VolkerFitzpatrick’s app collects and shares lessons about errors

The Gateway Bridge being installed by the Volker Fitzpatrick-Kier JV last year on the Luton DART project (photo: Shaun Armstrong)
The Gateway Bridge being installed by the VolkerFitzpatrick-Kier JV last year on the Luton DART project (photo: Shaun Armstrong)
An app to capture and share lessons learned is helping VolkerFitzpatrick identify trends, share good practice, and develop a culture of openness around errors.

Chris Wheeldon, technical director, infrastructure division at VolkerFitzpatrick, talked about the app at a recent Get It Right Initiative meeting.

He explained that the app’s development was driven by a desire to move away from an inefficient paper-based process towards capturing and sharing significant lessons more quickly and in such a way that could benefit other projects.

Wheeldon explained: “We wanted to build a culture that was not just about sharing good practice, which people are happy to do, but also sharing errors and poor practice, so that other projects don’t make the same mistakes. This will reduce the cost of error across the business and improve our offering to clients.”

The app started in the civils division in 2020 just before covid hit. It was initially focused on lessons learned during the delivery of a project, but VolkerFitzpatrick quickly recognised the opportunity it presented and rolled out the app across the wider business. “We also added formal tender lessons learned to the app, so it became the place not only to capture learnings, but also to understand how to benefit from them,” Wheeldon explained.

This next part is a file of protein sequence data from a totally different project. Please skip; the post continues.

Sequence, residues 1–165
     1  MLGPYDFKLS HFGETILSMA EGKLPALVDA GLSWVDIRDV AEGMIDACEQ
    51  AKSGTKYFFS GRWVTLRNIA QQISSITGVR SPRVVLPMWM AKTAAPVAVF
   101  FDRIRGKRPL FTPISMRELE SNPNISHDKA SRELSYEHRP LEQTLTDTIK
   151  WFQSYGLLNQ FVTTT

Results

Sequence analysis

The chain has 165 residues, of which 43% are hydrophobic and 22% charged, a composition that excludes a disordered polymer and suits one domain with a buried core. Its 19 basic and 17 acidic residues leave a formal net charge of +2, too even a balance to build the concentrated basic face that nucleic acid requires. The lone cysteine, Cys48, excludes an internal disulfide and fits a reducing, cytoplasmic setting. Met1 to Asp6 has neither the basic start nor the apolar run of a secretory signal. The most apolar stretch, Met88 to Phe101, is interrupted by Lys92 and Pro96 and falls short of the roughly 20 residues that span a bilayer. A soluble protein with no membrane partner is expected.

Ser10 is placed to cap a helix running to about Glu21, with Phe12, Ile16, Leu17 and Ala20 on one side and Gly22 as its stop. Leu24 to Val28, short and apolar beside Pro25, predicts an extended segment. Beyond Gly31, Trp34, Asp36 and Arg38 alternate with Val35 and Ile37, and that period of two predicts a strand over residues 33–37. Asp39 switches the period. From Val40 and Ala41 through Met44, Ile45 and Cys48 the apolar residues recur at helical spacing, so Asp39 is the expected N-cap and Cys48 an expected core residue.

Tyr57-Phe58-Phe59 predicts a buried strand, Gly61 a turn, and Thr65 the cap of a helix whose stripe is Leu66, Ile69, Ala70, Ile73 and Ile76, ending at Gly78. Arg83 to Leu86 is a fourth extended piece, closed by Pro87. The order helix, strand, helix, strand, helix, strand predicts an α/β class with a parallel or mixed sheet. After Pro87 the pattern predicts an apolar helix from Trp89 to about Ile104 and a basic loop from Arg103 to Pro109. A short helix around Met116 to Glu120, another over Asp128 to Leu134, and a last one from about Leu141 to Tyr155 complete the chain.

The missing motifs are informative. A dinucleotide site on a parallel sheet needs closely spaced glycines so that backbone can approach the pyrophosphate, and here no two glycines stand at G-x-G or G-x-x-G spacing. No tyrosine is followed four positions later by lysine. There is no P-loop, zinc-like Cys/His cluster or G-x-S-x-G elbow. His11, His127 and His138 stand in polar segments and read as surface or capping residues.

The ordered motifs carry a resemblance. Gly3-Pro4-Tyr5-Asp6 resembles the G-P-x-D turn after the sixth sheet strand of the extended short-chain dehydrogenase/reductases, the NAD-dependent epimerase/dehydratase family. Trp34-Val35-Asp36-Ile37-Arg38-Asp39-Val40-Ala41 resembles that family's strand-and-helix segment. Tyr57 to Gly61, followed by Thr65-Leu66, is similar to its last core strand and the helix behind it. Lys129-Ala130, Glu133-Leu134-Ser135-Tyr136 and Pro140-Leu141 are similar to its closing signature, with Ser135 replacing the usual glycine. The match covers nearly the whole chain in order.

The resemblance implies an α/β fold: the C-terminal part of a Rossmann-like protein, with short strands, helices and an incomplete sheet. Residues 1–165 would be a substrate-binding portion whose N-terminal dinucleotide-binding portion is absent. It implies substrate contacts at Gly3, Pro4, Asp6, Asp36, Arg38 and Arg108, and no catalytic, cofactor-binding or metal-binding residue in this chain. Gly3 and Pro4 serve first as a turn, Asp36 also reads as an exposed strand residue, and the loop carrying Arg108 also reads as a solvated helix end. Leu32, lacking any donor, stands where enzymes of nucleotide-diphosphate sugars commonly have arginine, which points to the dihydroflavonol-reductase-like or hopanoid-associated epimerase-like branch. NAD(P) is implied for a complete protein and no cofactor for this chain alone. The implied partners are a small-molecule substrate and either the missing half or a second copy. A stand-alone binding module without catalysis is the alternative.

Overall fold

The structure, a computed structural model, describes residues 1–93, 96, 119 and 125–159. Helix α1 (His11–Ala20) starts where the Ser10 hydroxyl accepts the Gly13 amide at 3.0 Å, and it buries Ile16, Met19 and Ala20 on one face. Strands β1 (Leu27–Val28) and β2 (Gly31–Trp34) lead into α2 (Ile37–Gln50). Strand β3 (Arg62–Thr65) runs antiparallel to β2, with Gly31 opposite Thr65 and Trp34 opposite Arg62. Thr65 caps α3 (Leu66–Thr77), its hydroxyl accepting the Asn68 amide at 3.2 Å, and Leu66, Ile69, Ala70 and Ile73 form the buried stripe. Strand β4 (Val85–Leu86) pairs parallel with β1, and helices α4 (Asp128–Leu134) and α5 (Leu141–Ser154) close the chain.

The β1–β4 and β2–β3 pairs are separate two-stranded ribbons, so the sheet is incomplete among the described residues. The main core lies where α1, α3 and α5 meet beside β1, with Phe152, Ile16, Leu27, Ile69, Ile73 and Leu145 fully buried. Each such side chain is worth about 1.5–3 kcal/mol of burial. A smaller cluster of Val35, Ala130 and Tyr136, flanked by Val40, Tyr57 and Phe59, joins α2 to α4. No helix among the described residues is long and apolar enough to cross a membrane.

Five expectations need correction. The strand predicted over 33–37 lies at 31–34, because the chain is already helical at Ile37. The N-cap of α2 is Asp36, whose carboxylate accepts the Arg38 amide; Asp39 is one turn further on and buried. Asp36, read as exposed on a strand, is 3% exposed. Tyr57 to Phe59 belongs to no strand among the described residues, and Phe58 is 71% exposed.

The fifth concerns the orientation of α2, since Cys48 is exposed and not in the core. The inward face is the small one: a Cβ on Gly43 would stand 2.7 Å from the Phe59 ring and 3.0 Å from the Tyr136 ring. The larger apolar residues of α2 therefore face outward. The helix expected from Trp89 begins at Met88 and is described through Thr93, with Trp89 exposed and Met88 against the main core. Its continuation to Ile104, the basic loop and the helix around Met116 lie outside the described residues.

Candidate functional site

The app is supported by senior management, which Wheeldon noted was essential to ensure people felt confident about sharing both the good and the bad lessons from their projects. “As part of formal project reviews with senior management, it is a requirement to talk about the lessons learned on the project,” he revealed. “Managers encourage projects to raise more, and feed back on any key learnings, good practice, and error avoidance insights they picked up from other projects and used in the delivery of their own.”

Committee review of lessons learned

A committee was established to review the lessons learned. “The committee reviews this data coming in from the app and looks at trends. If we are getting lots of lessons learned about a particular issue, that informs business or process change,” Wheeldon explained. “The committee also briefs project leaders every two weeks about any significant learnings to ensure these are disseminated quickly. Quality managers brief those learnings out more widely during their weekly and monthly meetings.”

Using the app is a simple process, he said. “At the start of a tender or project, lessons learned previously are reviewed, and relevant items are added to a project’s quality, engineering, design, and health and safety risk registers. Owners are allocated and actions assigned, and the registers are linked to the programme, which provides a countdown to when the risk or opportunity is likely to occur. We can then make sure people are implementing the actions required to either avoid the error or make the best use of the good practice learning.”

During the life of the tender or project, any new lessons added to the app are updated on risk registers to ensure projects capture the latest insights.

The app works on both mobiles and laptops, and the data is fully searchable.

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